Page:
How Adult Children Affect Their Mother’s Happiness

Arthur C. Brooks in The Atlantic:

“You are … irritating and unbearable, and I consider it most difficult to live with you.” So wrote Johanna Schopenhauer in a 1807 letter to her 19-year-old son Arthur. “No one can tolerate being reproved by you, who also still show so many weaknesses yourself, least of all in your adverse manner, which in oracular tones, proclaims this is so and so, without ever supposing an objection. If you were less like you, you would only be ridiculous, but thus as you are, you are highly annoying.”

The two-century-old letter amazes not just for its mix of archaic diction and sick burns, but also because it violates some of humanity’s most basic assumptions about how mothers feel about their children. Motherhood is supposed to bring unparalleled happiness. The Bible, for example, is full of stories of women—Sarah, Hannah, Elizabeth—who go from sorrow to joy when God grants them an unexpected child. In real life, the relationship between happiness and motherhood is more complicated. Raising small children is far from unmitigated bliss. Year after year, surveys that ask mothers what they most want for Mother’s Day find that their No. 1 answer is time alone. As children grow up, mothers’ mixed feelings seem to stick around. Research suggests that plenty of mothers, while perhaps not as up-front as Johanna, feel some resentment toward their adult progeny, especially when the relationship feels unequal. Thankfully, social science also offers clues to how adult children can patch things up and make their moms happier.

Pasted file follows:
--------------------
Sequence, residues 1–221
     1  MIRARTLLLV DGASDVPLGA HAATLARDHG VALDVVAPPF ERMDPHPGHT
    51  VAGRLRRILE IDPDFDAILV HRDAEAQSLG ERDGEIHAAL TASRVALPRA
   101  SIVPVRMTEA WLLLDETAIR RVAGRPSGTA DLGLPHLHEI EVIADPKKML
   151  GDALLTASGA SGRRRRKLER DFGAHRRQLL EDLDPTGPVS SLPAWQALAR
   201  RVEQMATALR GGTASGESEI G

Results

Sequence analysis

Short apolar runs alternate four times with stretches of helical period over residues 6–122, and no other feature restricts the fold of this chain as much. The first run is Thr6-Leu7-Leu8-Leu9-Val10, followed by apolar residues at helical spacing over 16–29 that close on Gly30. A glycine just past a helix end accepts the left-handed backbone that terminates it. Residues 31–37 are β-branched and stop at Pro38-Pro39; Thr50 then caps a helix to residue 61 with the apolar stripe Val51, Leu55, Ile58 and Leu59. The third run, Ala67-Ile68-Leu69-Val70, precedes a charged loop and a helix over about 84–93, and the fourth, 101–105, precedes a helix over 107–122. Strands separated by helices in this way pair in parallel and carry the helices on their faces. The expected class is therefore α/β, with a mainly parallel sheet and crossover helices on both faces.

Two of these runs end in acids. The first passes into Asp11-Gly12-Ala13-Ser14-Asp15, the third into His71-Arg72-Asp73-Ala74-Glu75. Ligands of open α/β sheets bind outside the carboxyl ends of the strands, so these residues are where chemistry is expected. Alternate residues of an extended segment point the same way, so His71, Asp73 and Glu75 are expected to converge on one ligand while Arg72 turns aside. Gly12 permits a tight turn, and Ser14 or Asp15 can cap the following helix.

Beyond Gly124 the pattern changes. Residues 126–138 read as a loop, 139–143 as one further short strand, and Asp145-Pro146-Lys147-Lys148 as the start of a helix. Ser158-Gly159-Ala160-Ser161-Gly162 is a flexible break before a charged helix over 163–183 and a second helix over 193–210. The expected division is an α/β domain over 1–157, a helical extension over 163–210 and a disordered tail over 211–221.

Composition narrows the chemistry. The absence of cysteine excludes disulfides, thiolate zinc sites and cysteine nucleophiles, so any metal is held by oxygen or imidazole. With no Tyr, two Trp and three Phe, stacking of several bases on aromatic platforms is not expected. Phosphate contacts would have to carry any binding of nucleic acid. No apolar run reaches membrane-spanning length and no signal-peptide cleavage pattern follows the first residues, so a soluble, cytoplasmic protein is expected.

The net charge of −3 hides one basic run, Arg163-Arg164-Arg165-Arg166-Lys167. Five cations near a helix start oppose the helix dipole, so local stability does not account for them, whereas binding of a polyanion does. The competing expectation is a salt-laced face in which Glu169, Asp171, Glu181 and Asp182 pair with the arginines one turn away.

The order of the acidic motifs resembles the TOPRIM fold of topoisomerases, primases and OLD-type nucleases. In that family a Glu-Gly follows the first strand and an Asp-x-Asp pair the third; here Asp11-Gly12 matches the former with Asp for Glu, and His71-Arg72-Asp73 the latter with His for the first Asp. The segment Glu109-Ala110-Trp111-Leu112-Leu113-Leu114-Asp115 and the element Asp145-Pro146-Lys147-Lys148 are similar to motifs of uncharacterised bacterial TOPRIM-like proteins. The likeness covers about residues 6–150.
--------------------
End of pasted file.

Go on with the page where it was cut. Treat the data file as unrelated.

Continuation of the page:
…Arthur Schopenhauer grew up to become one of the greatest thinkers of the 19th century, but he never figured out how to make his mom happy. “The door that you slammed so loudly yesterday, after you had conducted yourself extremely improperly toward your mother, closed forever between you and me,” Johanna wrote to him after an especially bad argument in 1813. By all accounts they never saw each other again.

More here.